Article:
My name is June, and I come from Norway. I’m an Aspect Foundation exchange student living with a wonderful family in Illinois. I decided to put together a small, quick guide on how you should handle high school in the USA as an exchange student. Remember that there is no blueprint for such things, so this is all based on my experience of my school. However, I hope it helps whether you go to a big city school or a small village school!
Be nice, kind and honest
This is great advice in general, for all aspects of life. But as an exchange student, it is especially important. Be a person people like to talk to and hang out with. Some people ask if American high school is like the movies when it comes to the popular, bad, intimidating kids with expensive cars, big muscles or always perfect hair. No, it’s not like that. The “popular” students, if I can call them that, are the ones who are nice and kind to everyone. If you are nice, you get friends, and when you have many friends, you seem popular. They are just ordinary people that you can talk to even if you are a band geek or a nerd. I’m not saying that being popular in high school is all you should focus on, but being liked because you are kind and honest can not hurt!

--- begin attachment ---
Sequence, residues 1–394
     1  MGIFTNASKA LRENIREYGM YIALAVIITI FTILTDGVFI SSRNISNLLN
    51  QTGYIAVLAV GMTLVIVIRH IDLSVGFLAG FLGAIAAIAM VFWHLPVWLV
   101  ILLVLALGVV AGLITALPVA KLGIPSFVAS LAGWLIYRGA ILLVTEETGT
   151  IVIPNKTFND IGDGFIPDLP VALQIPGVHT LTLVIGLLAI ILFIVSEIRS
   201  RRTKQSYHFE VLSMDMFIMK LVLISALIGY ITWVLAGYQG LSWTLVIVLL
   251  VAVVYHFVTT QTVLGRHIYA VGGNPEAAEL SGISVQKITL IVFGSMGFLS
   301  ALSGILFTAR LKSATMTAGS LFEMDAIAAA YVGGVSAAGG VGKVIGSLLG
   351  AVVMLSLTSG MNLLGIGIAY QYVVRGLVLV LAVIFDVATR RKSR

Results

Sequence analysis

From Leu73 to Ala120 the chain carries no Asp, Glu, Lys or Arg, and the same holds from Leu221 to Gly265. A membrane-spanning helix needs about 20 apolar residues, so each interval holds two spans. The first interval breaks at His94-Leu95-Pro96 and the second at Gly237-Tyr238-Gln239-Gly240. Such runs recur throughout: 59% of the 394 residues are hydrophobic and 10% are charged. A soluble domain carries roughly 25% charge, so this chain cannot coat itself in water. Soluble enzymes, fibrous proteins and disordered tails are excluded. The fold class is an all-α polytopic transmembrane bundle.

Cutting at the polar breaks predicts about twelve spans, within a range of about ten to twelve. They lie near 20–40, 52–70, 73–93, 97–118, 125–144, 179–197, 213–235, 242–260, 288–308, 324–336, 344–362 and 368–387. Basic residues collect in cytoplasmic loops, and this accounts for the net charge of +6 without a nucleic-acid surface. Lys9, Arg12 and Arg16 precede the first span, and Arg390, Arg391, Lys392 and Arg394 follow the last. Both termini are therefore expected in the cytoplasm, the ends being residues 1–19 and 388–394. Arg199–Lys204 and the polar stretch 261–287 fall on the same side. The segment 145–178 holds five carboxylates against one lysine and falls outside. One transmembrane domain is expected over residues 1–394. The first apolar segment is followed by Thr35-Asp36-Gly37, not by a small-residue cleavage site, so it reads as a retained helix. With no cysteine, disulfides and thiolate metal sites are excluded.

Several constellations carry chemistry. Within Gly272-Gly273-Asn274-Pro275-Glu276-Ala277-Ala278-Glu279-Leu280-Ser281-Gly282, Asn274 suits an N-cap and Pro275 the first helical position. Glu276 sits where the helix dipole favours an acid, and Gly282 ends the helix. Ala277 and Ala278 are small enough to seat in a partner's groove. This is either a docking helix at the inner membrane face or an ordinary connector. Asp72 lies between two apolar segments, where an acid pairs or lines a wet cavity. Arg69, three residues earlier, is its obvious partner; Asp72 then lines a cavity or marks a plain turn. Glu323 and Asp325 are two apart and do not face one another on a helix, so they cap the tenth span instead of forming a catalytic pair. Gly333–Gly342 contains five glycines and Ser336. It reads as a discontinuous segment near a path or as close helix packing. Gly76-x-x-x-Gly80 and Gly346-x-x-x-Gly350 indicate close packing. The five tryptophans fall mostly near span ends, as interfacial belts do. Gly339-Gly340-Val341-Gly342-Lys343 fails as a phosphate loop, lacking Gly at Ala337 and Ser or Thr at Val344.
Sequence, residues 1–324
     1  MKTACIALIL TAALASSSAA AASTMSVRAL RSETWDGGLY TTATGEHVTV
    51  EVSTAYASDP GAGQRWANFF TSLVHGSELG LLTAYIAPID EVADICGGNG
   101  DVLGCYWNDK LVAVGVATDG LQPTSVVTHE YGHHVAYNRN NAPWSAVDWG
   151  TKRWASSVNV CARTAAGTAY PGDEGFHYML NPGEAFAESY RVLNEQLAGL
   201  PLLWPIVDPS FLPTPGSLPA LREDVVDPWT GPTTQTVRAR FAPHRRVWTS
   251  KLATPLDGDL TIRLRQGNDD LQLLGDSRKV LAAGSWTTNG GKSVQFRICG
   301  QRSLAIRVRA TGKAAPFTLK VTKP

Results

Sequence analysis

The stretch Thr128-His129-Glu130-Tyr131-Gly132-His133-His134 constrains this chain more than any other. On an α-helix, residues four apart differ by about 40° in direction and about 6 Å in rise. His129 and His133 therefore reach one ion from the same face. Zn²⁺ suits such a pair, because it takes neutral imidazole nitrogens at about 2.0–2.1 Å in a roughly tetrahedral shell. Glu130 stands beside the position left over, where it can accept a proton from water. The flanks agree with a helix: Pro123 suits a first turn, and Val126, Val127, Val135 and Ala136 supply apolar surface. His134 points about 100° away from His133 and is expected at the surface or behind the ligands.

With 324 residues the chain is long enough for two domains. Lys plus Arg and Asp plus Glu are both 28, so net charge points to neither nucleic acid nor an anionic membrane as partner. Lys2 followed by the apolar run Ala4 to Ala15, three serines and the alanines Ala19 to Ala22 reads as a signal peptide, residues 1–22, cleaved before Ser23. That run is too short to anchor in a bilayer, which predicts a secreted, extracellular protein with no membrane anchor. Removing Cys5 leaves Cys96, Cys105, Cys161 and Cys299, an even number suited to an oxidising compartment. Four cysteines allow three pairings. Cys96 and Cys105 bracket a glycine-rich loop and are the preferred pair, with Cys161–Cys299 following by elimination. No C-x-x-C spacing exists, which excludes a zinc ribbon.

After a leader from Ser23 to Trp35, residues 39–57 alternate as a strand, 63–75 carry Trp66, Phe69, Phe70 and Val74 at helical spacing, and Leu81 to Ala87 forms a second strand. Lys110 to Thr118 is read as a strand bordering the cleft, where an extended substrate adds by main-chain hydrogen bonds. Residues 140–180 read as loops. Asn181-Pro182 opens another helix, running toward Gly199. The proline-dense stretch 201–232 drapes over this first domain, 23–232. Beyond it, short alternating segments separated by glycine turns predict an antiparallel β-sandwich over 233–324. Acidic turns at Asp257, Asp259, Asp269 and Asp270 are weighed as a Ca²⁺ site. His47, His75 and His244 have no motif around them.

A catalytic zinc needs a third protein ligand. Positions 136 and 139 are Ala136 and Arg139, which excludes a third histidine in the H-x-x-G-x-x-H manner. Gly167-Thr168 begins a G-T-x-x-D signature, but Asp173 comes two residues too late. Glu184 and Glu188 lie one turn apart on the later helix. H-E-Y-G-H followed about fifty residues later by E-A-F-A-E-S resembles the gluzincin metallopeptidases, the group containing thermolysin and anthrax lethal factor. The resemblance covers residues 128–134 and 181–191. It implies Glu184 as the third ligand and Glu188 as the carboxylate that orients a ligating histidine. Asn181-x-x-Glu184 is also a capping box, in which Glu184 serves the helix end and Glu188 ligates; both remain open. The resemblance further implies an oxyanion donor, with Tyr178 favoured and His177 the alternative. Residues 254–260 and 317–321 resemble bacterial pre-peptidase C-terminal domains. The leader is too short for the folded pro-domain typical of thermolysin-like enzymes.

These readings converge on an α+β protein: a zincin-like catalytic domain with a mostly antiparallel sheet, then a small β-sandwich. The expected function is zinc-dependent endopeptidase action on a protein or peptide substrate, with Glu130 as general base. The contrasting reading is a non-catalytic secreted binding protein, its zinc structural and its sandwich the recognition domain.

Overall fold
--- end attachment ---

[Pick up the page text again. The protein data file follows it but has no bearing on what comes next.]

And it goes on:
Create variety in the weekdays
High school can become dull and boring unless YOU make it fun. Every day with the same subjects, the same places and the same people in the hallways. Try the best you can to create some variety. Try a new type of gum, vary your school lunch, take different routes to your classrooms. If you don’t have permanent seats, try sitting in different places and using different shoes (you will not believe how different your day will feel if you put on boots instead sneakers one day!)
Don’t be afraid of other high school students